What are Noble Gases?

The noble gases are group 18 elements of the periodic table. Atoms of these elements have completely filled valence electron shells, making them relatively inert, colourless, odourless, monatomic gases at room temperature and pressure. 

Under the normal conditions of temperature and pressure, all the noble gases exist in the gaseous phase. The term “noble gas” is derived from a translation of the German word Edelgas, which means “noble gas”. 

German chemist Hugo Erdmann termed this phrase in 1898. Like a nobleman consider it undignified to associate with common people, noble gases tend not to react with other elements. Other names for noble gases are rare gases, inert gases, and aerogens. 

The Names of the Noble Gases are:

Noble Gas Properties

They are known to have extremely low chemical reactivity. This is because all the inert gases have stable electronic configurations and they do not form molecules easily and are mostly found as monoatomic gases. The general noble gas configuration is ns2 np6. In this topic we have discussed noble gases definition, Now let’s discuss noble gases properties and the atomic number of noble gases.

Helium (He):

Helium is the first chemical element of group 18 and is denoted by the symbol He. It is the first lightest noble gas and is known to possess the lowest boiling point. It is the second lightest element which is colourless, odourless, and tasteless. The atomic number of helium is 2. It is non-toxic in small concentrations, The electronic configuration of helium is 1s2. So, It has a total of 2 electrons in its valence shell. Helium cannot be solidified by sufficient cooling at normal atmospheric pressure, so it is necessary to apply pressure of 25 atmospheres at a temperature of −272 °C to convert it into a solid form.

This gas constitutes about 23 percent of the mass of the universe and is the second in abundance after hydrogen in the cosmos. Helium is mainly concentrated in stars, where it is synthesized from hydrogen by the nuclear fusion reaction. This gas is used as an inert-gas atmosphere for welding metals such as aluminium and is also used in rocket propulsion.

  • Atomic Number: 2

  • Mass Number: 4

  • Melting point: -272 °C

  • Boiling Point: -268.9 °C

  • Density: 0.178 X 10 -3 g/cm3 at 20 °C

Neon (Ne):

Neon is a second chemical element of group 18 and is denoted by the symbol Ne. The atomic number of neon is 10. Neon exists as a colourless monoatomic gas. This gas does not possess any colour, odour, taste and is lighter than air. The electron configuration of Neon is [He] 2s22p6. It is used commonly in fluorescent lamps and electric signs. This gas occurs in minute quantities in Earth’s atmosphere and is trapped within the rocks of Earth’s crust. This element is more abundant in the cosmos as compared to Earth’s surface. 

  • Atomic Number: 10

  • Mass Number: 20

  • Melting point: -248.4 °C

  • Boiling Point: -246 °C

  • Density: 0.9 g/L

Argon (Ar):

Argon is the third chemical element of group 18 in the periodic table with an atomic number of 18. The element is denoted by the symbol Ar. It is a colourless, odourless, and tasteless gas. The electronic configuration of argon is [Ne]3s23p6. This element has a total of 8 electrons in its valence shell and hence it is non-reactive.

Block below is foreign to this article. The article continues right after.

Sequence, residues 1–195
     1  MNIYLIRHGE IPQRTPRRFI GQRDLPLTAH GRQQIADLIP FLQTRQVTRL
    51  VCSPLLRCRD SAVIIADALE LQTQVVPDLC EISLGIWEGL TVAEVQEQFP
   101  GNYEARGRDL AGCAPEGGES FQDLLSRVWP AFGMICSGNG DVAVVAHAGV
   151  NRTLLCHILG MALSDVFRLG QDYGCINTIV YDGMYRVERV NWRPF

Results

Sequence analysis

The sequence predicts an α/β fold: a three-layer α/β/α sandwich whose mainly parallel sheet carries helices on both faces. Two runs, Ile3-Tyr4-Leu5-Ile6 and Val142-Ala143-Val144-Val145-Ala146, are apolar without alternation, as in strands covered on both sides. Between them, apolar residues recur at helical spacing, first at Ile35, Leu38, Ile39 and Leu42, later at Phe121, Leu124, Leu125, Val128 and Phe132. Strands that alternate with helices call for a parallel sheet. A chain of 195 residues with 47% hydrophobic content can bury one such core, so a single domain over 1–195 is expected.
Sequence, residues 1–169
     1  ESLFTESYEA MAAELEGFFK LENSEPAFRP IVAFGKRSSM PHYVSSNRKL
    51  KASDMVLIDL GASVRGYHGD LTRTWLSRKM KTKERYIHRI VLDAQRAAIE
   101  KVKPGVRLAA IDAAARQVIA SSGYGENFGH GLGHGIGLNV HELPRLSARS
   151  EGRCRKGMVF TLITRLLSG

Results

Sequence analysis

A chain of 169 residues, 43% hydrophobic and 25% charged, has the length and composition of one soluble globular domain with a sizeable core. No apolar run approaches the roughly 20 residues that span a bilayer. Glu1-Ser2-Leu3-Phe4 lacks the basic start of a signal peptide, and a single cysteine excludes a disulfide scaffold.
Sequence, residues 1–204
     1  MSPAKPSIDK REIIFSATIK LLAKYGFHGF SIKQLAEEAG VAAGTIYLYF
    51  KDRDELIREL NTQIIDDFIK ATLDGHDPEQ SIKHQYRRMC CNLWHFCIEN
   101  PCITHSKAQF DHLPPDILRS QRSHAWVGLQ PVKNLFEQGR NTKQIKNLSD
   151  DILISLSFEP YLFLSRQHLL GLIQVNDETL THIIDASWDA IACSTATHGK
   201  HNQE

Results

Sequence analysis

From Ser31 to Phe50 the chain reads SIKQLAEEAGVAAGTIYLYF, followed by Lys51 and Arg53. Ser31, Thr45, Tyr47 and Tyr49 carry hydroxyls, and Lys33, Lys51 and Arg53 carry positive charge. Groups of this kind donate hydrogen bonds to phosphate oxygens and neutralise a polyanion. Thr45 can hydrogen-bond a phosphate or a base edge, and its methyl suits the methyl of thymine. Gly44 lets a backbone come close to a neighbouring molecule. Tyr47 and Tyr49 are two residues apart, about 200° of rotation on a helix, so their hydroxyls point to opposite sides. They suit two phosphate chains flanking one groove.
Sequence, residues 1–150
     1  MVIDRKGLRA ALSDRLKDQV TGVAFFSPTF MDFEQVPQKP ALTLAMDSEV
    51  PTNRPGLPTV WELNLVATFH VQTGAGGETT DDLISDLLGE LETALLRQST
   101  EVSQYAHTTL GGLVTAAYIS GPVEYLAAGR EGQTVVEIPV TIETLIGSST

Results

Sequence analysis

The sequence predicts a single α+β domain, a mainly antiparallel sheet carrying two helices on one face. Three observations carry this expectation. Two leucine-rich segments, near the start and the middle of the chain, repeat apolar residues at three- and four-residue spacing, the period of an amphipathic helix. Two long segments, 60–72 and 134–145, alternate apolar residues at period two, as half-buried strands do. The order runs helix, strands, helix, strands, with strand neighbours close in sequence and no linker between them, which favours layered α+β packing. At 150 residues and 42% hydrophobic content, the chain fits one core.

• Atomic Number: 18

  • Mass Number: 39.948

  • Melting point: -189.4 °C

  • Boiling Point: -185.8 °C

  • Density: 1.784 g/L

Krypton (Kr):

Krypton is the fourth chemical element of group 18 with an atomic number equals to 36. This element is denoted by the symbol Kr. It is about three times heavier compared to air. Krypton is a colourless, odourless, tasteless, and monatomic gas. The electron configuration of krypton is written as [Ar]3d104s24p6.  

  • Atomic Number: 36

  • Mass Number: 83.798

  • Melting point: -157.4 °C

  • Boiling Point: -153.4 °C

  • Density: 1.784 g/L


Xenon is the fifth noble gas with an atomic number of 54. The symbol ‘Xe’ is used to denote xenon.

It is 4.5 times heavier than air, It is a colourless, odourless, and tasteless gas. The term xenon was derived from the Greek word Xenos, meaning “strange” or “foreign.”

  • Atomic Number: 54

  • Mass Number: 131.293

  • Melting point: -157.4 °C

  • Boiling Point: -108.1 °C

  • Density: 5.761 kg/m3


Radon is a sixth noble gas with an atomic number equals 86. It is a heavy radioactive gas generated by the radioactive decay of radium. This is a colourless gas that is 7.5 times heavier compared to air and 100 times heavier than hydrogen.

  • Atomic Number: 86

  • Mass Number: 222.01

  • Melting point: -71 °C

  • Boiling Point: -61.7 °C

  • Density: 9.73 g/litre

Here, we have discussed all the noble gas elements. Let’s have a look at the noble gases periodic table:

[Periodic Table]

FAQs (Frequently Asked Questions)

Q1. How many Noble Gases are there in the Periodic Table?

Answer: There are six noble gases in the periodic table: Helium, Neon, Argon, Krypton, Xenon, Radon.

Q2. Write some Properties of Noble Gases.

Answer: Some properties of Noble gases are listed below:

  • They are nonreactive and are used to form inert atmospheres.

  • They have a complete outer electron or valence shell.

  • They have high ionization energies.

  • Electronegative value is very less.

  • They have low boiling points. (all are monatomic gases at room temperature).

  • They possess no colour, odour, or flavour under ordinary conditions. 

  • They are non flammable.

  • At low pressure, they conduct electricity and fluoresce.

Q3. What is the difference between Octet and Duplet?

Answer: The major difference between the octet and duplet is that an octet is an atom or an ion having a maximum of eight electrons in the outermost shell on the other hand a duplet is an atom having a maximum of two electrons in the outermost shell.